13. #93

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    So, I'm still curious whether anyone wants to take a stab at judging PCS "correctly" for these programs under the current rules, especially the first two. Or rewrite the rules so that they could do a better job of reflecting the strengths and weaknesses of these skaters.

    Quote Originally Posted by gkelly View Post

    Or other skaters, other performances of your choice.

  14. #94
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    I'm no insider to the international skating community, and maybe what i'm saying is not true and every judge is as subjectively objective as they can possibly be, but I have to say that I really don't believe this system is too good for figure skating judges, the majority of whom are ex-skaters or choreographers in their 40s and beyond, not math genius or particularly very quick-witted. I've actually paid some attention to how the judges work in live events. It seems to me that there is barely enough time for them to judge every element. I've seen judges looking down on their desk during a jump. I've also seen judges talking to each other. I can imagine under such stress of watching 30+ routines in a roll, it's very difficult to accurately put down five subtly different marks in PCS. Keeping them "in line" is anyone's way to go. IJS was probably well thought-out by some engineer, but I find it way exceed human abilities to handle. Plus, this is something I would like to check out one day. I think judges do go to hotel bars. To say socializing with a cause doesn't happen would be in my opinion quite an idealism.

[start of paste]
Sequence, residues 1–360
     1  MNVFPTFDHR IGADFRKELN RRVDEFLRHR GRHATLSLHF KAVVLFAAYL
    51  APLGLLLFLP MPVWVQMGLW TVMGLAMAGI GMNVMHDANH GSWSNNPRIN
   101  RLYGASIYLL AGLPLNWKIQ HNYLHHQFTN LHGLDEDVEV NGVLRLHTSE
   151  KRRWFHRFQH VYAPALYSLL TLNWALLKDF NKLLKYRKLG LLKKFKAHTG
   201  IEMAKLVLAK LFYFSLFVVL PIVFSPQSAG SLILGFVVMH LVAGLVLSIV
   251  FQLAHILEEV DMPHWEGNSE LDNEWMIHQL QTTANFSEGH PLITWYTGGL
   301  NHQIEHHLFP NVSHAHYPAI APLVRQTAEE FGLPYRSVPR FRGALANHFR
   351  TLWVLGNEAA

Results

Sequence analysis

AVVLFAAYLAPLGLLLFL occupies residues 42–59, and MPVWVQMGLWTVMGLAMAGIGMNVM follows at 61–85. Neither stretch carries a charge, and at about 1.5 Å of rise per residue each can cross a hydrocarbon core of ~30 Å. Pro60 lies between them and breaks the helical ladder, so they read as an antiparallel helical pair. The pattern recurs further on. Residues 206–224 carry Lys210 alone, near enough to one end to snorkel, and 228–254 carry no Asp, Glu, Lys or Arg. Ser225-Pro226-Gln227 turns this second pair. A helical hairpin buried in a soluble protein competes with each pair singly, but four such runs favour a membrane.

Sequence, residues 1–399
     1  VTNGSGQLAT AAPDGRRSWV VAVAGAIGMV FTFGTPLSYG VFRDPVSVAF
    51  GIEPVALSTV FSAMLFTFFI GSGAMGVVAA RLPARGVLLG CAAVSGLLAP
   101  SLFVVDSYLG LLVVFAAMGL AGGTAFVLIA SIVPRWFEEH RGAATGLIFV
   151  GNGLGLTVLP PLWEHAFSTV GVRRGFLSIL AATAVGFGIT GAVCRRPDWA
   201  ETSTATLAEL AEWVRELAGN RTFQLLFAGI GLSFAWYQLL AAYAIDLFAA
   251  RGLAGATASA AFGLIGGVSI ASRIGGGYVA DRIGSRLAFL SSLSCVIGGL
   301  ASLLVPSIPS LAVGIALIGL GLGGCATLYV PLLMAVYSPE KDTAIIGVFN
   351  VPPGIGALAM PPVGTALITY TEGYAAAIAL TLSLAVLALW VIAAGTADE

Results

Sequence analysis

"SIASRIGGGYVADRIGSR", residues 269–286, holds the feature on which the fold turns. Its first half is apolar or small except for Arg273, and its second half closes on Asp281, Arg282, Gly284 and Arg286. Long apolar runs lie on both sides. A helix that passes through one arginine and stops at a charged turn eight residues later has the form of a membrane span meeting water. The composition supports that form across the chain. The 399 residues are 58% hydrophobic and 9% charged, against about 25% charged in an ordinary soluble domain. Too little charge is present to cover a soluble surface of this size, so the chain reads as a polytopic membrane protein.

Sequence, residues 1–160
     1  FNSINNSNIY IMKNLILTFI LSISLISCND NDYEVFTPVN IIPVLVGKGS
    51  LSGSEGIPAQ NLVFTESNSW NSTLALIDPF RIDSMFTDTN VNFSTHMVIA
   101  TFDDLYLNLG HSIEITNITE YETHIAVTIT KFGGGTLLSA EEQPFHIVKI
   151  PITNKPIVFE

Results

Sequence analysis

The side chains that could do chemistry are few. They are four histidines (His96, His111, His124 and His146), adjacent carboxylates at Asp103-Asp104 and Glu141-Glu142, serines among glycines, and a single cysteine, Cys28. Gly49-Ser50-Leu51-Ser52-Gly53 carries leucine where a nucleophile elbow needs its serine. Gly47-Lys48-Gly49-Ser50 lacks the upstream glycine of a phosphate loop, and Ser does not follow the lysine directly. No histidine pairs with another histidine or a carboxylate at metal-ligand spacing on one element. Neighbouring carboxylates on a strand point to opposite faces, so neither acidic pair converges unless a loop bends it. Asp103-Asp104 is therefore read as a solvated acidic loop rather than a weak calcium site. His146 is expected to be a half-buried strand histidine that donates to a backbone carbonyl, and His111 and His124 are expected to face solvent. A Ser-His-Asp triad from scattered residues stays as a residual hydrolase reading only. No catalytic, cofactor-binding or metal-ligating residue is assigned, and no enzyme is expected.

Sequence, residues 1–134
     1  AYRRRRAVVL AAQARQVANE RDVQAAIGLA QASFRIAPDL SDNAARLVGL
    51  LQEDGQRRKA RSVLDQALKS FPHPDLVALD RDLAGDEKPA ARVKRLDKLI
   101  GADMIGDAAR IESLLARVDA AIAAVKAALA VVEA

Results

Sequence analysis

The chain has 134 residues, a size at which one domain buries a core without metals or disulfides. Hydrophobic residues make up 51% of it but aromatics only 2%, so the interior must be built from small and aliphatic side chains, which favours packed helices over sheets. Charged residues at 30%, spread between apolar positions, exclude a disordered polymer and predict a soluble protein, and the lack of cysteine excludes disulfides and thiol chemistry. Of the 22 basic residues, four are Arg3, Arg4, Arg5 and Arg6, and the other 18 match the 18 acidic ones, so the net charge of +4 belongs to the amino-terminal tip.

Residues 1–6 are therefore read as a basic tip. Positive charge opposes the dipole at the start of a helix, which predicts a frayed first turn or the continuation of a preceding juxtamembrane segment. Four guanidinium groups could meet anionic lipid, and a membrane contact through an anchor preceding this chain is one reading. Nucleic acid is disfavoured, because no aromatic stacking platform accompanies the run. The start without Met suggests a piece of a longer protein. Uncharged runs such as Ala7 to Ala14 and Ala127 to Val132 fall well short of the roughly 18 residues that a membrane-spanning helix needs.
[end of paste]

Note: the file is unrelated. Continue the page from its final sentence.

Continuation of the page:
That being said, I do think the biggest problem right now is that falls account for too little. 3-5 points deduction is more appropriate. That's at least easier to fix.

  15. #95

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    So you're saying that judges aren't quick-witted, because they're in their 40s or older? Or are you saying that ex-skaters and choreographers are simply not that bright? Either way, wow.

    I do, however, agree with your statements below. (Falls: I believe 3 points per fall seems about right.)

    Quote Originally Posted by analia View Post
    It seems to me that there is barely enough time for them to judge every element. I've seen judges looking down on their desk during a jump. I've also seen judges talking to each other. I can imagine under such stress of watching 30+ routines in a roll, it's very difficult to accurately put down five subtly different marks in PCS.

    That being said, I do think the biggest problem right now is that falls account for too little.
    Last edited by skateboy; 05-25-2013 at 11:43 PM.
    "I hit him with my shoes... if he had given me the medal like I told him to, I wouldn't have had to hit him!" -- 8-year-old Rhoda Penmark in "The Bad Seed"

  16. #96

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    Quote Originally Posted by Susan M View Post
    I'm beginning to think that maybe the problem is that great skating defies definition (or as Justice Stewart said about laws trying to define what is obscene): "I shall not today attempt further to define the kinds of material I understand to be embraced within that shorthand description; and perhaps I could never succeed in intelligibly doing so. But I know it when I see it,..."

    I think about one great skater and come up with terms that describe his/her/their skating, but when I take those criteria to other great skaters, it turns out they were not always best at the same things. By the time you eliminate the variables and get down to the lowest common denominator, you end up missing the real picture.
    And there it is. Thank you.
    "I hit him with my shoes... if he had given me the medal like I told him to, I wouldn't have had to hit him!" -- 8-year-old Rhoda Penmark in "The Bad Seed"